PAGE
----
either expended in other countries, or becomes the subject of accumulation.
The repression of illicit trade and dealing.
The removal of the great weight on the springs of industry and exterprise, and of the legislative checks to the effectual improvement of the British commercial system, The extensive reduction of the public expenses."
And, al ug Fu 19.15.1?111.2 119 The extensive reduction of parish rates; Would produce beneficial effects, fully equal to the advantages which have been deduced, from the adoption of the proposal which has been suggested, for the liquidation of the public debt.
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Summary of the Author's Publications on the Liquidation it to 293090 peaco bof the Public Debt
2. It is endeavoured to be showni, tl That the increase in the British Empire, of the means of national
riches and power, has been very considerable during the last thirty years. That individual ease and comfort are not experienced in any proportion to this increase of means, but that, on the contrary, ibe increasing prevalence of suffering and distress, is generally
admitted and deplored. That the public debt is a chief cause of this anomalous state. That the public debt admits of an early and complete liquidation, upon the basis of a contribution of fifteen per cent, to be levied upon every description of private property, including the amount of the public debt., That such liquidation of the debt may be effected, without any
dangerous or mischievous disturbance of the state of property. That relief from duties, to the extent of thirty millions per annum,
nearly, might precede any levy in respect of the proposed con
tribution of fifteen per cent. That such remission of duties would, in effect, relieve the country
from the payment of at least thirty-six millions per annum, because the consumer pays a considerable advance upon the duty paid by the merchant or dealer, to the Exchequer. That the same remission of duties would be the means of repres
sing, to a great extent, the fraudulent and injurious practice of
Elements of a Plan for the Liquidation of the Public Debt of the United Kingdom, 7th edition. And the present work.
smuggling, of preventing other descrip:ions of fraudulent dealing, and of reducing the parish rates in a very considerable degree; and would also adniit the establishment of a system, under which the great evil, of a population exceeding the demand for employment, might be prevented. ["Further Observations,"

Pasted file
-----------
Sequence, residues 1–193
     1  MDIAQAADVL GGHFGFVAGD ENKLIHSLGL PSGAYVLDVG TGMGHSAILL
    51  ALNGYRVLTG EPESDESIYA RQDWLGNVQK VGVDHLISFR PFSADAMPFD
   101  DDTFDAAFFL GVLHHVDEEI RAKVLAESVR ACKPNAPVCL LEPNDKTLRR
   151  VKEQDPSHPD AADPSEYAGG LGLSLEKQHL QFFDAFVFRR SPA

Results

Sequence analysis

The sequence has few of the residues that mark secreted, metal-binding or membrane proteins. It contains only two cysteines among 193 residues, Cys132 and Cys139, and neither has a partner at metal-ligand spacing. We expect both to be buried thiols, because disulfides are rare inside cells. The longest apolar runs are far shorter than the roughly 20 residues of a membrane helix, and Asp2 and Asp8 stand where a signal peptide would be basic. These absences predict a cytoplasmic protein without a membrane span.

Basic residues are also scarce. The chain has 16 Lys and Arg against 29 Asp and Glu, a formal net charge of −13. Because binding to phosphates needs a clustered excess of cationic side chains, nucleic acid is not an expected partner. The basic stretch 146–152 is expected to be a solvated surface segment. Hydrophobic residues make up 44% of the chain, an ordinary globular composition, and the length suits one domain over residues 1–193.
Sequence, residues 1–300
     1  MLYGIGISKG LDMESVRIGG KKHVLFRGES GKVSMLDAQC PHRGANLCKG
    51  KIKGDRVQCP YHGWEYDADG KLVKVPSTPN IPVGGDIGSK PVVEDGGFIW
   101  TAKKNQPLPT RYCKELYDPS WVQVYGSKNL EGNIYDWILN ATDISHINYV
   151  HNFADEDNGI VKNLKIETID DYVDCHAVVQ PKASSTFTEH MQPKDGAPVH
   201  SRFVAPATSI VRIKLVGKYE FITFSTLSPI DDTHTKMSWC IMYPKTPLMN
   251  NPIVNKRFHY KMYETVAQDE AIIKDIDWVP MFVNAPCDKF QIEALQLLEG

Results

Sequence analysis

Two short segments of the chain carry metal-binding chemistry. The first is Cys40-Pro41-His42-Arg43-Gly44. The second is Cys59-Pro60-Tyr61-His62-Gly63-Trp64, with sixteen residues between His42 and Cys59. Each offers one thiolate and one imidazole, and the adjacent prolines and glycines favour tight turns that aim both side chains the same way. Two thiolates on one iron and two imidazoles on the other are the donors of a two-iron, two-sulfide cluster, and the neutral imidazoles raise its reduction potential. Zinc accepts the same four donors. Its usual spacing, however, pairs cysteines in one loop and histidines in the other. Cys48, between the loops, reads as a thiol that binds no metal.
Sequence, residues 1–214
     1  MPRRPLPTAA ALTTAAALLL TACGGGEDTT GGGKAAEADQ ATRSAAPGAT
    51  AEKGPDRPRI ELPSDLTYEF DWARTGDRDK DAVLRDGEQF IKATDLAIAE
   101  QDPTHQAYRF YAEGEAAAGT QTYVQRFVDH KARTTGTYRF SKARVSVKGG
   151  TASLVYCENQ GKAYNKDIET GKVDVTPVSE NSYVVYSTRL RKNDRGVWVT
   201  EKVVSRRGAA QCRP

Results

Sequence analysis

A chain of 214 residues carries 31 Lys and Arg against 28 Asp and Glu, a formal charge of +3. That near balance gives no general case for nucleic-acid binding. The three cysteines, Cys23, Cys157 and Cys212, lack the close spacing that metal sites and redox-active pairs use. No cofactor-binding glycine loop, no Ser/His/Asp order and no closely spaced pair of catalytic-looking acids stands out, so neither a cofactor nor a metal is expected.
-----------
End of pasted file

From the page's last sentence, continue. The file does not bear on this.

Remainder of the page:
Appendix E, p. 75.). That upon comparing, in the event contemplated, the probable rate
of rent from land and dwelling-houses, the probable rate of interest of money, and the presumed rate of public, official, and stipendiary income, with the expected and consequent advance in the value of money; the present proprietors of lands, houses, and government stock, and all persons receiving public income and pay, would experience a clear improvement, in respect of income, considered with reference to British expenditure, varying, in the respective classes, between thirteen and seventy per cent. And, in particular, that in respect of income from land, the improvement would be in the proportion which 20001. bears to 12001. per annum.' (pp. 4—7, or “ Further Observations, ”
Addenda, pp. 128, 129.] That the anticipated change in the effective value of money, as respects the reduction of money prices, does not lead to the apprehension of any consequences prejudicial to the holders of agricultural stock, or of goods in stock; because this change would ensue, in a great degree, from the remission of duties ; the immediate effect of which, upon money prices, would admit of remedy to considerable extent, by the restitution of duty to the merchant and dealer, on the stock on hand; and also, because the further decline of money prices would, in some degree, be checked in its progress, by countervailing causes, and might be graduated by legislative means, so as to sustain the price, particularly of agricultural stock, from time to time, until successive supplies, at diminished cost, should enable the grower or dealer to vend at lower rates of price, without loss or preju
dice. That by the means proposed, the farmer would be placed in a
condition to support the peasant, to maintain his own family in the state of comfort suited to his station in society, and to make a proper return of rent to the proprietor of the soil. That by the means proposed, also, the interests of the merchant,
manufacturer, and trader, would be essentially promoted and advanced, particularly by the repression of smuggling, and by the removal of the obstructions which a high revenue 'system presents, to the advantageous revision of the British commercial system.
That the positions assumed by the writer are sufficiently esta
blished for imniediate practical application : namely; That the ease and confort of the British people are reduced, inter
cepted, or prevented, by means of the public debt; and that the liquidation of the public debt would place all classes and orders in the enjoyment of the advantages which they have so well earned, by their skill and industry, by their constancy and fortitude; and to which they are entitled, by the valor and conduct of those who have fought and conquered for them, on the ocean and in the field.